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Finishing Interior Tongue and Groove. Need to backprime?

Tanner C | Posted in General Questions on

Hey folks, I did some searching but struggled to find many answers to my question:

I’ll be installing loads of tongue and groove in my interior, both on the walls as well as on a vented cathedral ceiling. Boards are 6″ pine as well as some cedar.

While I meticulously stained all 6 sides of my exterior siding boards (installed with a rainscreen) I think I like the idea of installing the interior boards dry and then brushing or spraying them all afterwards with a coat or two of water based poly. Does anyone have concerns with this method? Is cupping a real issue if only one side is treated on an interior wall? Is it actually easier as I assume?

My walls are 2×4 with well-taped exterior sheathing and will be insulated with mineral wool. I was planning on putting the boards right up over the studs. Rafters are also 2×4 and I plan to “cut and cobble” 3.5″ polyiso for the rafter bays (leaving a 1″ air gap below the roof deck) tape the seams, and maybe additionally apply an interior membrane or taped 1/4″ ply for air-seal redundancy. Additional opinions regarding the potential stupidity of any of these assemblies is welcome! I’m in climate zone 4, coastal northern California. 


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  1. Expert Member
    Michael Maines | | #1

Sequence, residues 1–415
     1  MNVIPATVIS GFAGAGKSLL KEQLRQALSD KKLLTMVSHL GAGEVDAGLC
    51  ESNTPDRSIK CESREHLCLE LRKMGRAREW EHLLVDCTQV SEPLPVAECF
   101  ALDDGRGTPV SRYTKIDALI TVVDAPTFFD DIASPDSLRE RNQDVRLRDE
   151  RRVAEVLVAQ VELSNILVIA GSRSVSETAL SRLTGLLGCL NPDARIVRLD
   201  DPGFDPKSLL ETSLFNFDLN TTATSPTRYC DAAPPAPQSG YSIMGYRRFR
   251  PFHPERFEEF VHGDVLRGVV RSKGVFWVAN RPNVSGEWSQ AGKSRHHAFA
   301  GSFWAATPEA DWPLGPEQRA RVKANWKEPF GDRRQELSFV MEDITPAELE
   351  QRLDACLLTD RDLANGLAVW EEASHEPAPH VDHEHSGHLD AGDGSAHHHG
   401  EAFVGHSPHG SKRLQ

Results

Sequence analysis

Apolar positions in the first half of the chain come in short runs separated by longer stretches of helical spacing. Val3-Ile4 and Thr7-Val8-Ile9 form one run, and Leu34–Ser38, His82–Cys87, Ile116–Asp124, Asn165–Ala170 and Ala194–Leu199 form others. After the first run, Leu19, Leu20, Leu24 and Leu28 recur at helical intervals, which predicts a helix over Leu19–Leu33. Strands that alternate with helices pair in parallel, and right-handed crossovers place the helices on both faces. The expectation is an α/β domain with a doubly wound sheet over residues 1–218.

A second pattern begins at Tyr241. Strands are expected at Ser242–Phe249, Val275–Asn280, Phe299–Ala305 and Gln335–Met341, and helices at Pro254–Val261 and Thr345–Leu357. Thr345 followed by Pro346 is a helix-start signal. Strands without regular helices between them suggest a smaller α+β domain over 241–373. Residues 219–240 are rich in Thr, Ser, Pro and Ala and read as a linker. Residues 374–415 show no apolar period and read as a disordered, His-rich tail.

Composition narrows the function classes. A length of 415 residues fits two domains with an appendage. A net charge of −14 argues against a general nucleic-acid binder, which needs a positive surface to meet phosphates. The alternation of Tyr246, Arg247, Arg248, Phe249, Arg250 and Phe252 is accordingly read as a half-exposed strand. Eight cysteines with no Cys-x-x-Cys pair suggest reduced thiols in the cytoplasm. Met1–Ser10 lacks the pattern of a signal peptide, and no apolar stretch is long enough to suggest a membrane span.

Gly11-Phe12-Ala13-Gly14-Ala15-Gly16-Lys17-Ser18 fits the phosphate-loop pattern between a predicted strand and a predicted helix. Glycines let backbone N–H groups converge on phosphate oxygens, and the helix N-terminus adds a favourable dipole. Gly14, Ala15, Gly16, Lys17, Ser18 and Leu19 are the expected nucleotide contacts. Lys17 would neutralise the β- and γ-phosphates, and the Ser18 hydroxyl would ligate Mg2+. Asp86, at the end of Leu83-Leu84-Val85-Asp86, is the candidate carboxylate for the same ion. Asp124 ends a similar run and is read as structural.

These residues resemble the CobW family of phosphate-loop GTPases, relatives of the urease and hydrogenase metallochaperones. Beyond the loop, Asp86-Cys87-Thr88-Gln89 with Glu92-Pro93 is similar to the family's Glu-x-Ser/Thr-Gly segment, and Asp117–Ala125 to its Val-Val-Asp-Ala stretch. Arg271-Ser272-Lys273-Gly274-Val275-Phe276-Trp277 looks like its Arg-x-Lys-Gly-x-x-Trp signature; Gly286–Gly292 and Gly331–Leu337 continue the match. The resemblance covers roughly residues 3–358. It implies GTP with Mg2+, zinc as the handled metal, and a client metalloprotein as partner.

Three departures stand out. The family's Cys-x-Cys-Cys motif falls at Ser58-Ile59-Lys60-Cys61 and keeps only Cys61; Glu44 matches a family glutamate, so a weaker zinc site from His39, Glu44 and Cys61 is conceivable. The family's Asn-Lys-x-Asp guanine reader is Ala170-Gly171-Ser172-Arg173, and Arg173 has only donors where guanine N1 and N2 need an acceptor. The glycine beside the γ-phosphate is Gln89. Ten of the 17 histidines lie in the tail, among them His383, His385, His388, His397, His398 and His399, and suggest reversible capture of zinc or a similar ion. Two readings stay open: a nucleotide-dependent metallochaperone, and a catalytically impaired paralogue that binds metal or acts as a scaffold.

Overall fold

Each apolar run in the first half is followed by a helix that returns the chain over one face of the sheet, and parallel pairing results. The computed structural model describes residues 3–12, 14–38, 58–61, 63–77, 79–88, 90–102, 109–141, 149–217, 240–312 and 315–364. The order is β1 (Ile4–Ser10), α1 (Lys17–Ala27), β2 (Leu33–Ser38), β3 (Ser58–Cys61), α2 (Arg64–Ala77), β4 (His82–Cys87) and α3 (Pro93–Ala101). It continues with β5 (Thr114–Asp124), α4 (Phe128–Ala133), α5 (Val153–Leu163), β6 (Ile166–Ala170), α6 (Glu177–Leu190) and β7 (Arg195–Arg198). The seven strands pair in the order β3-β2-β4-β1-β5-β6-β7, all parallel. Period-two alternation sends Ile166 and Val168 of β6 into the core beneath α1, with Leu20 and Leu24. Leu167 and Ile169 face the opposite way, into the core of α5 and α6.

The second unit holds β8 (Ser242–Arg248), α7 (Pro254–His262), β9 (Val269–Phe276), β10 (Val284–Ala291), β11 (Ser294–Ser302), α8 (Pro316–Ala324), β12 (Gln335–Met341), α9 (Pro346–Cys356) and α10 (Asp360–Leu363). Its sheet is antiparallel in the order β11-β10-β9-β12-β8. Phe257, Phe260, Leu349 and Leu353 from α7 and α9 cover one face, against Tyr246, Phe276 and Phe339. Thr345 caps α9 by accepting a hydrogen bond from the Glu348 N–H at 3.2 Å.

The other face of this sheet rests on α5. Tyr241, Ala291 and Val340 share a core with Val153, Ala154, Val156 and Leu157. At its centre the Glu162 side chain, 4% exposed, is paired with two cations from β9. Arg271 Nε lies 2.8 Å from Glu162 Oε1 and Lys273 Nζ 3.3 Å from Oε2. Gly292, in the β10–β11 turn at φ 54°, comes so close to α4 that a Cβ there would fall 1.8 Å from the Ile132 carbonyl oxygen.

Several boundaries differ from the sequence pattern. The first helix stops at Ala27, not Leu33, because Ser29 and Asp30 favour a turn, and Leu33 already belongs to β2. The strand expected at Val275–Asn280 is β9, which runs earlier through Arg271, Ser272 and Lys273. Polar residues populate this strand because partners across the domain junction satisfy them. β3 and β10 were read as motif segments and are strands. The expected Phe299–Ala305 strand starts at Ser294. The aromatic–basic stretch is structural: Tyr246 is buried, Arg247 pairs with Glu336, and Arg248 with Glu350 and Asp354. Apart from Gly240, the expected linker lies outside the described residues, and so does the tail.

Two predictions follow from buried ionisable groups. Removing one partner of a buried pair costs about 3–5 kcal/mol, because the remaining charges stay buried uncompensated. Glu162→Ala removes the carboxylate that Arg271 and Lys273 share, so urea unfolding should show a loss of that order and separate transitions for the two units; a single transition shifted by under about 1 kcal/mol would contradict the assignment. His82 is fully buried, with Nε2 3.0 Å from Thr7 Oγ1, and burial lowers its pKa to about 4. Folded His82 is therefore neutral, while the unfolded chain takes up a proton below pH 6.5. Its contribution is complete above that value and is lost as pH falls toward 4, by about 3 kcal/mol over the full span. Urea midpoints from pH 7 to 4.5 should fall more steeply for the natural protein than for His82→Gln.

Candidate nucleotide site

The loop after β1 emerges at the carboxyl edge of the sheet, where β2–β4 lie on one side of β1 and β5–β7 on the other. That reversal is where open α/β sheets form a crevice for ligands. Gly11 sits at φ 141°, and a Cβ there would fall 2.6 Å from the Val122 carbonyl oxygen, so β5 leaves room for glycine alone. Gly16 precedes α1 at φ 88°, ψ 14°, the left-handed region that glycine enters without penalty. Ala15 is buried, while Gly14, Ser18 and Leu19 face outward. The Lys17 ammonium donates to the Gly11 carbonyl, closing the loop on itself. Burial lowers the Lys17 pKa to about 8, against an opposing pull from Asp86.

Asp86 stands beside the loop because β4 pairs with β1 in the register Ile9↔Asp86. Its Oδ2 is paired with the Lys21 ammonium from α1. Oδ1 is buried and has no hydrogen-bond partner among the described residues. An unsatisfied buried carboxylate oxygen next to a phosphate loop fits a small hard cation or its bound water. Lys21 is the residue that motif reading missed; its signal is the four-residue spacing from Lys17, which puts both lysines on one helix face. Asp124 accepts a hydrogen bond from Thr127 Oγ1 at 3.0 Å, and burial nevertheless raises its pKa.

Tanner, interior trim is rarely finished on all sides. If you have wide swings in interior relative humidity (or temperature, which directly affects relative humidity) you could get some cupping. If your relative humidity stays reasonably consistent, you should not have cupping.

    That's assuming the trim is close to its ambient moisture content when installed. What that moisture content is will vary. In northern CA, I think if your trim is in the 8% to 14% range you are probably in good shape, but others will know better for your location.

  2. PBP1 | | #2

    I think there may "technically" be a difference between cupping and buckling. Cupping is for an individual board, which will do so regardless of its neighbors while buckling is from the board itself and its neighbors. If installed at too high of RH, then the boards will be "big" and if gaps are loose, you could get open gaps at low RH. To the contrary, if installed at too low of RH with tight gaps, the boards will buckle when RH increases. There are humidity meters for wood, mistakes are costly to repair (I know). And, do the math, a 1/8 inch increase in board width for 24 boards is 1/8 * 24 = 3 inches.

  3. Tanner C | | #3

    Thanks! This installation is for a larger tiny house heated by a wood stove, so I do actually expect some temperature and humidity swings. Nothing too crazy given the coastal climate here, but if I have it at 70F with the stove on and then leave for a trip, it could conceivably be in the 30's/40's with high RH when I return. Perhaps taking some extra time to treat all sides would make sense in my particular situation...

    Based on my measurements last winter of wood stored in an open barn, wintertime equilibrium moisture content is in the vicinity of 15% here. This fall has been fairly dry so I bet the boards are still a bit dryer than that.

  4. Walter Ahlgrim | | #4

    Why not, if time and money are no object. It is just 33% more labor and materials for the hope that it may last longer.

    It seems unlikely any pro would get paid to paint the hidden side.


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